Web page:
Content curation, not gatekeeping. people can choose
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What ‘Fact-Checking’ Means Online

What ‘Fact-Checking’ Means Online | trend in online journalism | Scoop.it

An oldie but goodie: If the Web has changed what qualifies as fact-checking, has it also changed what qualifies as a fact?


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The State of Online Journalism Today: Controversial | Jane Friedman

The State of Online Journalism Today: Controversial | Jane Friedman | trend in online journalism | Scoop.it
A look inside the operations of a major online publication—The Atlantic—and the evolving standards of how content is assigned, sourced, and paid for.

 

The post consists of an e-mail exchange between Thayer and an Atlantic editor, where Thayer is asked if he would repurpose a previously published piece for the Atlantic’s website. He is not offered any money, but is told he will gain exposure since Atlantic’s site enjoys 13 million readers per month.

 

For those familiar with the online world of publication, this exchange is hardly surprising or unusual. If you scan the posts at Who Pays Writers, you’ll see that $0 or maybe $50–$100 is common for very well-known sites. In fact, the more traffic a website gets, the more it can avoid payment by offering the carrot of exposure—which is indeed valuable and needed for some writers, but not all.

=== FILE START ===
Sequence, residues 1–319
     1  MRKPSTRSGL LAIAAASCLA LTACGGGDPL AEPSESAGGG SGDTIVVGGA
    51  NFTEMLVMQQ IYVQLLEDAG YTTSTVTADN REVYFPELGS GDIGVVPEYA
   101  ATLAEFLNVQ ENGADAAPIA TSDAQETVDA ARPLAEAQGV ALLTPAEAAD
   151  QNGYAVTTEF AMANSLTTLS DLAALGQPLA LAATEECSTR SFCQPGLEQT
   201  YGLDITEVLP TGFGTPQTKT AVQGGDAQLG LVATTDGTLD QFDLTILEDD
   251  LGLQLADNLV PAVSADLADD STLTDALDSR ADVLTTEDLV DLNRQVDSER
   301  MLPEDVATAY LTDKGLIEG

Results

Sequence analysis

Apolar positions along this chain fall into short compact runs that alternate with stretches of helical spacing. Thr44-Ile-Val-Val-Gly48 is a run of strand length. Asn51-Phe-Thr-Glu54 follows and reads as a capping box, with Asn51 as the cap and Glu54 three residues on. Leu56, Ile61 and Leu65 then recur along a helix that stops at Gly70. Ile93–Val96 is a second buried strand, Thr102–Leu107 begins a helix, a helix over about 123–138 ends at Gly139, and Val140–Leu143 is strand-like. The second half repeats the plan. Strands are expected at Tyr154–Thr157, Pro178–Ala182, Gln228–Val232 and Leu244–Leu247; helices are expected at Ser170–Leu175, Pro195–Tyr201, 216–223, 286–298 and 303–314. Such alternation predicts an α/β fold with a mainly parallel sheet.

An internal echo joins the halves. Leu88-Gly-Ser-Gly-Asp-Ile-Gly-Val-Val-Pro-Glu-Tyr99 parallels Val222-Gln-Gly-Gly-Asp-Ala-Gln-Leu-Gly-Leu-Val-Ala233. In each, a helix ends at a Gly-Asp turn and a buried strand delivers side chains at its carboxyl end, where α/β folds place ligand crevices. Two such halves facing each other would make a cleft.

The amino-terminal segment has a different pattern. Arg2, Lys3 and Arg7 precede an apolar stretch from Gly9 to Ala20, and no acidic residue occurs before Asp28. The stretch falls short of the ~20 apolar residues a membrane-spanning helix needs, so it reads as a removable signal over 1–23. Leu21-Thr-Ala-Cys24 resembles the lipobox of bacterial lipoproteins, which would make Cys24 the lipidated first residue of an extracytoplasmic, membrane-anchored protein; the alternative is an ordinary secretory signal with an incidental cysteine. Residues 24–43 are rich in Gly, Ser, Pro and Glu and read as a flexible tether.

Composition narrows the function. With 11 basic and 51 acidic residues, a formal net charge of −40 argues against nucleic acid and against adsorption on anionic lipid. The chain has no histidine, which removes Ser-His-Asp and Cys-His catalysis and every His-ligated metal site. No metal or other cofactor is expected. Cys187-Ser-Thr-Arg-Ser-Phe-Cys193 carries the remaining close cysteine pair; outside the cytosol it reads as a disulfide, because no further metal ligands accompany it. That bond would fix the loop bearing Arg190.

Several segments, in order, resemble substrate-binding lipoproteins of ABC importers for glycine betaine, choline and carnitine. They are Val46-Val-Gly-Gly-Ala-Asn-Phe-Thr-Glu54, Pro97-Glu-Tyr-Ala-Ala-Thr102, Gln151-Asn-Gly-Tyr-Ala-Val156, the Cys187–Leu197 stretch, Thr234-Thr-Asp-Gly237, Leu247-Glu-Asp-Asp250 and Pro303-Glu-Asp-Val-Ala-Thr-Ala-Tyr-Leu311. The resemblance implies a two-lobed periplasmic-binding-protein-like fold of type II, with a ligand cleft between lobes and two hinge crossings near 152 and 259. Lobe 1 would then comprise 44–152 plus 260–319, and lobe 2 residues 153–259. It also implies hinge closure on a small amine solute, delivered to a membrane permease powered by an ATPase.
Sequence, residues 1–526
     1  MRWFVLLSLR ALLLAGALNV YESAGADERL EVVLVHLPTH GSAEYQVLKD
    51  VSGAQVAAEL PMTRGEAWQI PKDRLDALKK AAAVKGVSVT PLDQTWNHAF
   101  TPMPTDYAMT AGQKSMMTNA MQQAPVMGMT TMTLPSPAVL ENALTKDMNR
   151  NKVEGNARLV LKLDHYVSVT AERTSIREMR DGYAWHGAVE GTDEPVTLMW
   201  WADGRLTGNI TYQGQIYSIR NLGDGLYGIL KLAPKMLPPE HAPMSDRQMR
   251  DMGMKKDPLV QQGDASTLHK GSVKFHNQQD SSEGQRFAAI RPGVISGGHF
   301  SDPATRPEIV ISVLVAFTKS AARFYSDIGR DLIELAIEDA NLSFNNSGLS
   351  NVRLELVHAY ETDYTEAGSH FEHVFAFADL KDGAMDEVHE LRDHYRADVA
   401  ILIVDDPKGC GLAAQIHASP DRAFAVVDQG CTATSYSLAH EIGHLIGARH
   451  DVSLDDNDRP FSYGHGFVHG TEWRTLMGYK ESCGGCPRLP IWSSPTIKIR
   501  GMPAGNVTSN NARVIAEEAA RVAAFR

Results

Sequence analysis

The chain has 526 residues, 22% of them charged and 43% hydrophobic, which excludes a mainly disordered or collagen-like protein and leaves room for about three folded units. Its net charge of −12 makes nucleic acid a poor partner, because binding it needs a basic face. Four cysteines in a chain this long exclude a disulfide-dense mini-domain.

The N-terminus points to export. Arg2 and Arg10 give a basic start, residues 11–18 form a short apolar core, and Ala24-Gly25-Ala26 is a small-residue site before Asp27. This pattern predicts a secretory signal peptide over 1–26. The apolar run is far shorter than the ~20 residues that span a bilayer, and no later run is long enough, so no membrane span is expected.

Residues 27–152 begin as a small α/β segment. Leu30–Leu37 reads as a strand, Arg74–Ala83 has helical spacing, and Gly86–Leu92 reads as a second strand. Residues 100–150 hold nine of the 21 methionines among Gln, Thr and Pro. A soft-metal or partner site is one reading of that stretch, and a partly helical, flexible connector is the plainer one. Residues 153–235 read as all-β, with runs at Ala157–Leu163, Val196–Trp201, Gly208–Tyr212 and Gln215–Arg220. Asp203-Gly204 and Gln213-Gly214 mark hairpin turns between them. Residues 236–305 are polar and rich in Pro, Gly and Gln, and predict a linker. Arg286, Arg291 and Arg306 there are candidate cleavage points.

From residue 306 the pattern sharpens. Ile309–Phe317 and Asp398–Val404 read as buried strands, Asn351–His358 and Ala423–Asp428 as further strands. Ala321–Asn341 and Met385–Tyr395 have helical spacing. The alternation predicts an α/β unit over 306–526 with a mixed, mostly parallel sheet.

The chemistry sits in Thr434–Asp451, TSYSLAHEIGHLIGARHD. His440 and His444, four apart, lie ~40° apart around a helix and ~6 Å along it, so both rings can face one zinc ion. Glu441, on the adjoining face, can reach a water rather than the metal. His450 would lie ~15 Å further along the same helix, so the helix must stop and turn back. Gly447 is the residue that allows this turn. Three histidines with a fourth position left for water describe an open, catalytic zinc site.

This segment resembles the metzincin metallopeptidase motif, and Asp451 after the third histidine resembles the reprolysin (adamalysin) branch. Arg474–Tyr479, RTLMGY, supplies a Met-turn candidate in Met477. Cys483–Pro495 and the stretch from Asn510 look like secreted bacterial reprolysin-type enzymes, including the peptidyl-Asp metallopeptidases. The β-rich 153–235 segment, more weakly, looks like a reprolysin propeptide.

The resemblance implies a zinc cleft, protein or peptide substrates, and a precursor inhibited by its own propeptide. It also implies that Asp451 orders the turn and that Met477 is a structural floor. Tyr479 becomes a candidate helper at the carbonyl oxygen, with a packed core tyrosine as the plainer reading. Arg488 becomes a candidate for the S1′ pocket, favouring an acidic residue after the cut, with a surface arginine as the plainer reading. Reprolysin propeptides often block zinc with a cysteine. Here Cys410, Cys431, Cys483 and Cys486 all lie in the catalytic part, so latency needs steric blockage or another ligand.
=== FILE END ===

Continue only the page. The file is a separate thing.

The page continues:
Thayer, in response to the offer of pay through exposure, says:

 

"Frankly, I will refrain from being insulted and am perplexed how one can expect to try to retain quality professional services without compensating for them. Let me know if you have perhaps mispoken [sic]."...


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Jeff Domansky's curator insight, March 5, 2013 11:15 PM

A good exploration of the issue of how much to pay freelancers.

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Create, Organize and Edit Cross-Format Presentations Online with Bunkr

 

 


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Robin Good's curator insight, May 4, 2013 7:12 AM



Bunkr is a new web app which allows you to easily collect and organize all of your existing content and images and to build up visual presentations by easily dragging and dropping your selected items into a dedicated presentation area.


Bunkr slides can be easily edited, with text, images or video clips. Slides can be easily deleted, moved or rearranged intuitively.


An integrated library + search facility makes it easy to organize in a professional way all of your imported content so that you can use it for more than just one time.